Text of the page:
Tips for Teaching Reading in the EFL Classroom
Students who are learning English as a Foreign Language (EFL) are usually taught reading skills differently than native speakers are taught.
Its Not Just Vocabulary
While learning new words is, of course, important for unlocking the meaning of texts, the reading skills of surveying, skimming, scanning, inference, predicting, and guessing are also crucial.
Research shows that you can help your students develop their reading comprehension by zeroing in on the following skill areas:
Vocabulary Root Words
In your students’ native language, words may not be formed using the same methods or concepts as we form words in English. So, when teaching vocabulary, introduce your students to the idea of “root” words, prefixes and suffixes. These concepts will allow your students to increase their vocabulary pool quickly and with minimal effort.
Prefixes and suffixes (together called ‘affixes’) help us make many different words from one base word. As native speakers we understand that, but many EFL students will not be able to decipher without help that contain is the root of both container and containment; or that desire is the base word for undesirable and desirability.
When students come across new vocabulary in your lessons, be sure to highlight these connections. Then, they can enlarge their vocabularies and improve their ability to predict new words’ meanings from already acquired base words.
Understanding roots and affixes means learning one new root word can help a student understand many more than just that one.
But, studying affixes is only one of many ways to teach vocabulary. For more tips, check out the links further below on this page.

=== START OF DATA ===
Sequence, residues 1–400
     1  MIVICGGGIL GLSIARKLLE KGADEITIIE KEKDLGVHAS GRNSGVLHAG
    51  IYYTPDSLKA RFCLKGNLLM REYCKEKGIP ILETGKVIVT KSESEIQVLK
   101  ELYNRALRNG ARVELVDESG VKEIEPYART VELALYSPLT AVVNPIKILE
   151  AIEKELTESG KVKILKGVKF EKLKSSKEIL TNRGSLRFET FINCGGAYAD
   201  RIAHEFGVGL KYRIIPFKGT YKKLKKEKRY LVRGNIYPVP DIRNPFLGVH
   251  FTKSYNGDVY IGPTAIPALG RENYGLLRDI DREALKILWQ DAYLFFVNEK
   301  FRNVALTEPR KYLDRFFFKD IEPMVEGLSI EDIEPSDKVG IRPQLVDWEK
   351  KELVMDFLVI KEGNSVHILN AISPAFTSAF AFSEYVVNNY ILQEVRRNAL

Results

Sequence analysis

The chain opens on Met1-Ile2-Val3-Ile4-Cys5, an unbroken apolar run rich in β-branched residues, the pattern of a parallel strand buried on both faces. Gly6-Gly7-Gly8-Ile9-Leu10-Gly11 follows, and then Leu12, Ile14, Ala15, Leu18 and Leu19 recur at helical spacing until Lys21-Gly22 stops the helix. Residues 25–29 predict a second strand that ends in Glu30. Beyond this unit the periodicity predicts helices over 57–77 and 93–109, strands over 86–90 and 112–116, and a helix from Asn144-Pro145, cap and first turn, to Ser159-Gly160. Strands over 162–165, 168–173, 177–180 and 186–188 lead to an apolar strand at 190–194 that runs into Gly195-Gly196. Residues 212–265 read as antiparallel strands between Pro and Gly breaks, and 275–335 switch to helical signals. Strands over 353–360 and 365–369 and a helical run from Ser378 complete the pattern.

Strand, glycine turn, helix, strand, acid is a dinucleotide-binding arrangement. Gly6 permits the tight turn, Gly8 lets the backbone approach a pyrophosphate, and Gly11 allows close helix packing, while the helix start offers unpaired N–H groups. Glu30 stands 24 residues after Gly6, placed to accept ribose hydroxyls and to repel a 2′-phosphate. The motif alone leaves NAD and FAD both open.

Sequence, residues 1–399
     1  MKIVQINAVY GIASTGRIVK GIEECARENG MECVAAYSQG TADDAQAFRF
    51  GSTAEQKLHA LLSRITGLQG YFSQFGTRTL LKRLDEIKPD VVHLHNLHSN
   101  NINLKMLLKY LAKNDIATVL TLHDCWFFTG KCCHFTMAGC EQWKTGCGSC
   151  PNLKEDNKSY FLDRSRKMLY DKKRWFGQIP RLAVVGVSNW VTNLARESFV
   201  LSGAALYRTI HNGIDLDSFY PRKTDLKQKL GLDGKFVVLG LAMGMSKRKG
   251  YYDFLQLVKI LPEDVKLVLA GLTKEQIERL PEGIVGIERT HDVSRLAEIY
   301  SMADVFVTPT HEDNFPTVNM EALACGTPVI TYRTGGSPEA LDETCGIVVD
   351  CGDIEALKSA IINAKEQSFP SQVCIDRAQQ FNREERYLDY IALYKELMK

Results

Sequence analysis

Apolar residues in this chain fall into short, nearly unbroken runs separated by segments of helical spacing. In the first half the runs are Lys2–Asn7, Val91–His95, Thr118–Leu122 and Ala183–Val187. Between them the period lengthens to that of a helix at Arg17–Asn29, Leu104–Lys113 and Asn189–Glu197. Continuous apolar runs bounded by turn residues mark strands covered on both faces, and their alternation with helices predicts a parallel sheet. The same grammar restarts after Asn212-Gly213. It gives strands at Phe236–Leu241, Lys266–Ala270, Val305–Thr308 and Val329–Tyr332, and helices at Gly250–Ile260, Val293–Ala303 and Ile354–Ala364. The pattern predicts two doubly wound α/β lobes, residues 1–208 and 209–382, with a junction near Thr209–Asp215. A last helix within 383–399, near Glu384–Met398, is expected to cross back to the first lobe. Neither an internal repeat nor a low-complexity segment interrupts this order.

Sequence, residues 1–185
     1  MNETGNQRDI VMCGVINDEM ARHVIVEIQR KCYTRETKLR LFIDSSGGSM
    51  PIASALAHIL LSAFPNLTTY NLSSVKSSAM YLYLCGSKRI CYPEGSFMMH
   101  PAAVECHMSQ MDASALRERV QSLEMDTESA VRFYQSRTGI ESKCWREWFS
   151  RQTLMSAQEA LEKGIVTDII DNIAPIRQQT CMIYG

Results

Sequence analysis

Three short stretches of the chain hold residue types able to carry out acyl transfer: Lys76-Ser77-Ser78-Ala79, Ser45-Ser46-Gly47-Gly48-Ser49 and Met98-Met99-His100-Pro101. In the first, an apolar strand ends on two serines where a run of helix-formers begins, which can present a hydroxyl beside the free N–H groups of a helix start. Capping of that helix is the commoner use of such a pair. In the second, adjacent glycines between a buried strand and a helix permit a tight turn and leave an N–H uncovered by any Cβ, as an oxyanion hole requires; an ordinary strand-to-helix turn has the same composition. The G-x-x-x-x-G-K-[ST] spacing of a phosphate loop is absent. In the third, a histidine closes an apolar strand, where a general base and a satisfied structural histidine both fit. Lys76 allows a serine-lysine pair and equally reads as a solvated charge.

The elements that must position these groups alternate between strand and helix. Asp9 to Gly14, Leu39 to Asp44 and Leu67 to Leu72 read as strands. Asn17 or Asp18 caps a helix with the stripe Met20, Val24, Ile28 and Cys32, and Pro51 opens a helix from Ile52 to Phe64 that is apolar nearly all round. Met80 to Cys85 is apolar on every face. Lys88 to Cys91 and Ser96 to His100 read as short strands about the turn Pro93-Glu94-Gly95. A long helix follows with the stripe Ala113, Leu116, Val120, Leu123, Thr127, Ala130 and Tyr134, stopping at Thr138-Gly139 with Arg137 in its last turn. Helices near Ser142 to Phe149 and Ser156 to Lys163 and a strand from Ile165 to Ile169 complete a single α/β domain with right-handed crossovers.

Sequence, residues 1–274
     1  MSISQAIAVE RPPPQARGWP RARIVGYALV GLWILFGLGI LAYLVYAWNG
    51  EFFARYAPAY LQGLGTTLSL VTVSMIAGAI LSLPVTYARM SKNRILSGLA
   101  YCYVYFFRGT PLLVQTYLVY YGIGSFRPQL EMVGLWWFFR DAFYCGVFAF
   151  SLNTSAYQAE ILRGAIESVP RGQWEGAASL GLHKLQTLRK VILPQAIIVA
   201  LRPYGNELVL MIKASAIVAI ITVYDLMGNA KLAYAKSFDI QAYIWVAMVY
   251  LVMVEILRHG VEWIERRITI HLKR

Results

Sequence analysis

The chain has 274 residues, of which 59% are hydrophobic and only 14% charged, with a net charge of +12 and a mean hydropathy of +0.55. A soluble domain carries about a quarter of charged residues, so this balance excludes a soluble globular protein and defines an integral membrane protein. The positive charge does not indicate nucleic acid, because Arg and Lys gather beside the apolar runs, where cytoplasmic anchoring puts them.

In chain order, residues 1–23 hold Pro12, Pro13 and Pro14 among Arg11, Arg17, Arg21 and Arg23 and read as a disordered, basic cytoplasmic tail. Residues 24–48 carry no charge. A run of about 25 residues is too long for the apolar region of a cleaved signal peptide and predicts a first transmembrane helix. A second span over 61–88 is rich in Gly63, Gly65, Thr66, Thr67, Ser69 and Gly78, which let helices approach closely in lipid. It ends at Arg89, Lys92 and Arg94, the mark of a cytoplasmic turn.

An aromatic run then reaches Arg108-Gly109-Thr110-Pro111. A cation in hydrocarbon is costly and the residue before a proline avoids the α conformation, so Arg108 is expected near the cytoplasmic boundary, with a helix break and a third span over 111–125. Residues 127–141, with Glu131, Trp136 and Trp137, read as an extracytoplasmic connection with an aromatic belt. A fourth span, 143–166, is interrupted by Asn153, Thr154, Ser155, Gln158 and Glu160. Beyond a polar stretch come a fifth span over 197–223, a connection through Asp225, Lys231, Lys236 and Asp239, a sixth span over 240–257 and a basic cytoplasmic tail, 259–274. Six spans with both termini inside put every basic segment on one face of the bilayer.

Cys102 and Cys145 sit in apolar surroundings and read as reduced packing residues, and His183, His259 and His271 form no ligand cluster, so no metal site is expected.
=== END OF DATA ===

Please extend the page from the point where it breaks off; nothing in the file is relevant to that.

Surveying, Scanning, Skimming
When we are in an academic setting it’s rare that we would carefully read an entire text line by line and word for word. It would be more natural for us to instead glance through the contents of the book– the chapters, headings, subheadings, sidebars, pictures, illustrations, words in italics and bold type—and form an idea of what is the most important information for our purpose. After that, then we would home in on the specific parts of the book which will be most useful to us.
In a nutshell, that is the purpose of the concepts of surveying, scanning and skimming. When a reader does this, she moves from the ‘big picture’ all the way down to the minutiae of details. And, EFL teachers need to be aware that their students may be lacking these important skills. Learning these basic reading skills should be part of your lesson plans, to give your students a more complete understanding of how to read in English. Again, check out the links below for more help on how to impart these skills to your own students.
Developing Students’ Sixth Sense–Guessing and Predicting from Context
Just looking at the table of contents of a book won’t help your students, though. In class you’ll need to lead them through how to derive word meaning from the context of the text, and also how to develop the ability to predict what action or information will be described in the following paragraphs. For more help with teaching these skills, take a look at the links listed below.
Super Resources for Teaching Reading:
Teaching Reading – Both the main file and the subsections are useful, so don’t just skim it!
Teaching Reading Skills – This is a PDF file you can download.
TED’s Tips™ #1: Research tells us that about 10% of learners learn a language best through reading and writing rather than speaking. Tune in and look for those students so you can help them learn in the way they learn best.
TED’s Tips™ #2: Having students read out loud in a class is not teaching reading skills. It is mostly teaching verbal skills. As students learn to read they should read without moving their lips or making verbalization, discourage it when you see it. The average person can read 4-5 times faster than they can speak. Thus reading out loud as an exercise can severely retard a person’s reading speed.